Hussein's representative to Kufa, Muslim ibn Aqeel was welcomed by the people of Kufa, and most of them swore allegiance to him. After this initial observation, Muslim ibn Aqeel wrote to Hussein ibn Ali that the situation in Kufa was favorable. However, after the arrival of the new Governor of Kufa, Ubayd Allah ibn Ziyad, the scenario changed. Muslim ibn Aqeel and his host, Hani ibn Urwa, were executed on Dhu al-Hijjah 9, 60AH (September 10, 680 CE) without any real resistance of the people. This shifted the loyalties of the people of Kufa, in favor of Yazid and against Hussein ibn Ali. Hussein ibn Ali also discovered that Yazid had appointed `Amr ibn Sa`ad ibn al As as the head of an army, ordering him to take charge of the pilgrimage caravans and to kill al Hussein ibn Ali wherever he could find him during Hajj, and hence decided to leave Mecca on 8th Dhu al-Hijjah 60 AH (12 September 680 AD), just a day before Hajj and was contented with Umrah, due to his concern about potential violation of the sanctity of the Kaaba.
He delivered a famous sermon at the Kaaba highlighting his reasons to leave, that he didn't want the sanctity of the Kaaba to be violated, since his opponents had crossed any norm of decency and were willing to violate all tenets of Islam.
When Hussein ibn Ali was making his mind to leave for Kufa, `Abd Allah ibn `Abbas and Abd Allah ibn al-Zubayr held a meeting with him and advised him not to move to Iraq, or, if he was determined to move, not to take women and children with him in this dangerous journey. Hussein ibn Ali, however, had resolved to go ahead with his plan. He gave a speech to people the day before his departure and said:
On their way to Kufa, the small caravan received the news of the execution of Muslim ibn Aqeel and the indifference of the people of Kufa. Instead of turning back, Hussein decided to continue the journey and sent Qays ibn Musahir Al Saidawi as messenger to talk to the nobles of Kufa. The messenger was captured in the vicinity of Kufa but managed to tear the letter to pieces to hide names of its recipients. Just like Muslim ibn Aqeel, Qays ibn Musahir Al Saidawi was executed.
The events of the battle
Hussein and his followers were two days away from Kufa when they were intercepted by the vanguard of Yazid's army; about 1,000 men led by Hurr ibn Riahy. Hussein asked the army, "With us or against us?" They replied: "Of course against you, oh Aba Abd Allah!" Husain ibn Ali said: "If you are different from what I received from your letters and from your messengers then I will return to where I came from." Their leader, Hurr, refused Hussein's request to let him return to Medina. The caravan of Muhammad's family arrived at Karbala on Muharram 2, 61AH (October 2, 680 CE). They were forced to pitch a camp on the dry, bare land and Hurr stationed his army nearby.
Ubayd Allah ibn Ziyad appointed Umar ibn Sa'ad to command the battle against Hussein ibn Ali. At first Umar ibn Sa'ad rejected the leadership of the army but accepted after Ibn Ziyad threatened to take away the governorship of Rey city and put Shimr ibn Thil-Jawshan in his place. Ibn Ziyad also urged Umar ibn Sa'ad to initiate the battle on the sixth day of Muharram. Umar ibn Sa'ad moved towards the battlefield with an 80,000-strong army and arrived at Karbala on Muharram 2, 61 AH (October 3, 680 CE).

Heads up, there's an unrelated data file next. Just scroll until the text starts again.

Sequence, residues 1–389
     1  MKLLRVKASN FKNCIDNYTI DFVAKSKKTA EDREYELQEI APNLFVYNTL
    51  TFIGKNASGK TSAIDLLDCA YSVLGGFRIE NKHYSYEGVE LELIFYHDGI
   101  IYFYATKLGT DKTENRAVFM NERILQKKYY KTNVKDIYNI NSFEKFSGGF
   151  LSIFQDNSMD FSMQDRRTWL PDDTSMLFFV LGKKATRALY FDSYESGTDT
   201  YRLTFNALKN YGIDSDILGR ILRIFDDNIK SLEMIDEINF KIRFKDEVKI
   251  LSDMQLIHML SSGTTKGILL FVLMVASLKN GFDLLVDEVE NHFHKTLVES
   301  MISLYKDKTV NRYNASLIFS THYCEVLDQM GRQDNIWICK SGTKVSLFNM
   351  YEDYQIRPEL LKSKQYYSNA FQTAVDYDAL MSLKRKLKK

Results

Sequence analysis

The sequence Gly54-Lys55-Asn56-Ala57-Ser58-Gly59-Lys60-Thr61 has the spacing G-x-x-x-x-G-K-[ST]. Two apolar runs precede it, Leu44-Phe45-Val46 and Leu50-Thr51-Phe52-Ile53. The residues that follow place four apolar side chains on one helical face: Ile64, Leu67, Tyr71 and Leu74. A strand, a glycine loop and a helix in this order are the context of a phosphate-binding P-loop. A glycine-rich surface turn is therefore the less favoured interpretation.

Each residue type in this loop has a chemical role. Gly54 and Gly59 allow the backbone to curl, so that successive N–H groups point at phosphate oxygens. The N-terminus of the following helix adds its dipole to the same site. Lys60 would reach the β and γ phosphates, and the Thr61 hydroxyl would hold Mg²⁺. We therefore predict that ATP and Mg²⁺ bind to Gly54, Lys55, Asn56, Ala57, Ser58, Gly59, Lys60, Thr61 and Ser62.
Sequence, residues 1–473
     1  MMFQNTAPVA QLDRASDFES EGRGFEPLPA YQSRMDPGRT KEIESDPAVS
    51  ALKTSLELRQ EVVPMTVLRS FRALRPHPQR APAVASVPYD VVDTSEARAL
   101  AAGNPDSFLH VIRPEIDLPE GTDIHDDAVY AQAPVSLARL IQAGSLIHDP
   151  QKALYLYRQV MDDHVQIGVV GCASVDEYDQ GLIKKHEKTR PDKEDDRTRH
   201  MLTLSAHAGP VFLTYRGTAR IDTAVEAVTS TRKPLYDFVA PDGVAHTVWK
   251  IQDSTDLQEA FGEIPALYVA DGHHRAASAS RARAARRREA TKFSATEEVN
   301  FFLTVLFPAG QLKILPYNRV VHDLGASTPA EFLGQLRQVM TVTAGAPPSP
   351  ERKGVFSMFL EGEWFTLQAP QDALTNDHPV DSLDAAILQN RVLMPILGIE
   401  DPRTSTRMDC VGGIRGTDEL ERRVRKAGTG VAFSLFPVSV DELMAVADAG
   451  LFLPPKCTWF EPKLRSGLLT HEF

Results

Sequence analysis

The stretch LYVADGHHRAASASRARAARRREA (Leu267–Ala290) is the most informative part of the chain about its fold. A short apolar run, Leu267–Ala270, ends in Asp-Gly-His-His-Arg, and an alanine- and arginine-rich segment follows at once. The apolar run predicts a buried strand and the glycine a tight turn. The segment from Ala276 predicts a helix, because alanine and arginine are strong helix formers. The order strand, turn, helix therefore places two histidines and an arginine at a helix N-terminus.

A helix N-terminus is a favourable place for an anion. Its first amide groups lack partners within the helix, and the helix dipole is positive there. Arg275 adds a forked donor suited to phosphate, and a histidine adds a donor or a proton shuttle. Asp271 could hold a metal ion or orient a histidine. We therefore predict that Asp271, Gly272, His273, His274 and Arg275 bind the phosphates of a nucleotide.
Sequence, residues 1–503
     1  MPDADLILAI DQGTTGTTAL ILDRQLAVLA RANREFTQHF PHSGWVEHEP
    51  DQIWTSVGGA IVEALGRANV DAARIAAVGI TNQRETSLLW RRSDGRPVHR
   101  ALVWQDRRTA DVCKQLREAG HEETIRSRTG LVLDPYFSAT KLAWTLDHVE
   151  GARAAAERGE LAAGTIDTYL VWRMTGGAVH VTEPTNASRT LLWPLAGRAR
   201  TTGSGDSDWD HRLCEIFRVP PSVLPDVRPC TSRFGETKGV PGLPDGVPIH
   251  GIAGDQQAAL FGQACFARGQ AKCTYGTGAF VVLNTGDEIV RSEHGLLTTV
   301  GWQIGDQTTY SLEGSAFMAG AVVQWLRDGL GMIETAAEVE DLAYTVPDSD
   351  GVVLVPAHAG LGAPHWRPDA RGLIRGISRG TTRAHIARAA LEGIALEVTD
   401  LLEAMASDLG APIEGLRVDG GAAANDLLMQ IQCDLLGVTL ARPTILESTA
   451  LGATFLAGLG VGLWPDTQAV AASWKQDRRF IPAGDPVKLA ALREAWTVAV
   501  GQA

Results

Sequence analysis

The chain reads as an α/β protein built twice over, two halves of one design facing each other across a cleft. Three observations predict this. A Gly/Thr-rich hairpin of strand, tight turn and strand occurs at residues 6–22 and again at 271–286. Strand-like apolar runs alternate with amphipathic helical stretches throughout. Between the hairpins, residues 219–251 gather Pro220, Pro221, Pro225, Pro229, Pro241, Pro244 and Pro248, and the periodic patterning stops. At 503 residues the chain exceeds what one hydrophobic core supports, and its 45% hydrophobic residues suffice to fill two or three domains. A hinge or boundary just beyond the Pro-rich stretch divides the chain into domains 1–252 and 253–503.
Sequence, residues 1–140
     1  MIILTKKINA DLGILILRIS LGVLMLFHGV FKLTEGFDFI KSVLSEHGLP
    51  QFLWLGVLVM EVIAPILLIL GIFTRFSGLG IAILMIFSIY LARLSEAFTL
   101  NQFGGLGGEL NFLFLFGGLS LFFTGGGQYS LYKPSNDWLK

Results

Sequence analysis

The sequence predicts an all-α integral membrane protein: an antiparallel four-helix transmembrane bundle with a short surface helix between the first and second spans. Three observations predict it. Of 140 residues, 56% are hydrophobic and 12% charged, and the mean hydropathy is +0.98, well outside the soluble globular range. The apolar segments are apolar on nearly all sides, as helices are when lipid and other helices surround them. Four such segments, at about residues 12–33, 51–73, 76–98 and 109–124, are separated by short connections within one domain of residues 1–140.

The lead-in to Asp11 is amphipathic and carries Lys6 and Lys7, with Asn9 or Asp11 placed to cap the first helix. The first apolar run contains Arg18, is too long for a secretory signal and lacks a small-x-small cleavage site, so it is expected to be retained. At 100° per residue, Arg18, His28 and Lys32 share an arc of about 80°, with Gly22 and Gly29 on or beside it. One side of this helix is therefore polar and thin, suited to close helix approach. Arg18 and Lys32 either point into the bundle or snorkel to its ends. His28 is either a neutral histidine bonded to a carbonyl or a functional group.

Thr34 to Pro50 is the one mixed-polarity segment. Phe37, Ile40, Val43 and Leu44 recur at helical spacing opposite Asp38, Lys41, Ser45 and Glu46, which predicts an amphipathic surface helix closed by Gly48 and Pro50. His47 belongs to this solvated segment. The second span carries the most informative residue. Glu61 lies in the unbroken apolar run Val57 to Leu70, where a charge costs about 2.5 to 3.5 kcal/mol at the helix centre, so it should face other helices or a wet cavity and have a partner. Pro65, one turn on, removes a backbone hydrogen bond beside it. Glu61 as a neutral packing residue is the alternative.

Ibn Ziyad sent a brief letter to Umar ibn Sa'd that commanded, "Prevent Husain and his followers from accessing water and do not allow them to drink a drop [of water]. Ibn Sa'ad followed the orders, and 5,000 horsemen blockaded the Euphrates. One of Hussein's followers met Umar ibn Sa'ad and tried to negotiate some sort of access to water, but was denied. The water blockade continued up to the end of the battle on Muharram 10th (October 10, 680 CE).
Umar ibn Sa'ad received an order from Ibn Ziyad to start the battle immediately and not to postpone it further. The army started advancing toward Hussein's camp on the afternoon of Muharram 9th. At this point Hussein sent Al-Abbas ibn Ali to ask Ibn Sa'ad to wait until the next morning, so that he and his men could spend the night praying. Ibn Sa'ad agreed to the respite.
On the night before the battle, Hussein gathered his men and told them that they were all free to leave the camp in the middle of the night, under cover of darkness, rather than face certain death if they stayed with him. None of Hussein's men defected and they all remained with him. Hussein and his followers held a vigil and prayed all night.
The day of the battle
On Muharram 10th, also called Ashura, Hussein ibn Ali completed the morning prayers with his companions. He appointed Zuhayr ibn Qayn to command the right flank of his army, Habib ibn Muzahir to command the left flank and his half-brother Al-Abbas ibn Ali as the standard bearer. There is controversy regarding the date for the day of Ashura in the Gregorian calendar. October 10 is a calculated date through calculators. These calculators however, are not always correct. According to the book Maqtal al-Husayn, Muharram 9th is October 12, 680; if that book is correct Muharram 10th was October 13, 680 AD.
Hussein ibn Ali called the people around him to join him for the sake of God and to defend Muhammad's family. His speech affected Hurr, the commander of the Tamim and Hamdan tribes who had stopped Hussein from his journey. He abandoned Umar ibn Sa'ad and joined Hussein's small band of followers.
The battle begins
Umar ibn Sa'ad advanced and fired an arrow at Hussein ibn Ali's army, saying: "Give evidence before the governor that I was the first thrower." Ibn Sa'ad's army started showering Hussein's army with arrows. Hardly any men from Hussein ibn Ali's army escaped from being shot by an arrow. Both sides began fighting. Successive assaults resulted in the death of a group of Hussein ibn Ali's companions.